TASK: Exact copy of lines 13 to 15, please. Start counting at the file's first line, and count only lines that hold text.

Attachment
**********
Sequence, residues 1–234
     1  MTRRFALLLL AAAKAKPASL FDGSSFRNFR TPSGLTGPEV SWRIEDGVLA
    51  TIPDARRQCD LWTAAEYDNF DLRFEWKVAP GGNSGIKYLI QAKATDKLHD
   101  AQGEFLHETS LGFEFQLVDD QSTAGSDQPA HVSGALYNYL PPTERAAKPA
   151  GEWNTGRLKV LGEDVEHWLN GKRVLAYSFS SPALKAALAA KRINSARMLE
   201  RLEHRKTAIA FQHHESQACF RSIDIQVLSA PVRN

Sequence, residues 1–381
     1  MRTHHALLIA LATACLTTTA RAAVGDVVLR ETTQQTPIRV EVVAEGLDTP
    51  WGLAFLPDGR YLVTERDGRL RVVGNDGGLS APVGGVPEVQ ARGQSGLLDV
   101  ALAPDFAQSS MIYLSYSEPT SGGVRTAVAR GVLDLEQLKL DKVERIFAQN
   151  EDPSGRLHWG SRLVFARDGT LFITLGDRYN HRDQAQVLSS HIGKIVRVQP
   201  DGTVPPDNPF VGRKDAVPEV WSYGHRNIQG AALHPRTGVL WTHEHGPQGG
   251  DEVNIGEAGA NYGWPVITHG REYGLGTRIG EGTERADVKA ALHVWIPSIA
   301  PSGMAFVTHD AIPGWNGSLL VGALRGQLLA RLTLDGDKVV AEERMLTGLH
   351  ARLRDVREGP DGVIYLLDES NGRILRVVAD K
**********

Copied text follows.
   251  DEVNIGEAGA NYGWPVITHG REYGLGTRIG EGTERADVKA ALHVWIPSIA
   301  PSGMAFVTHD AIPGWNGSLL VGALRGQLLA RLTLDGDKVV AEERMLTGLH
   351  ARLRDVREGP DGVIYLLDES NGRILRVVAD K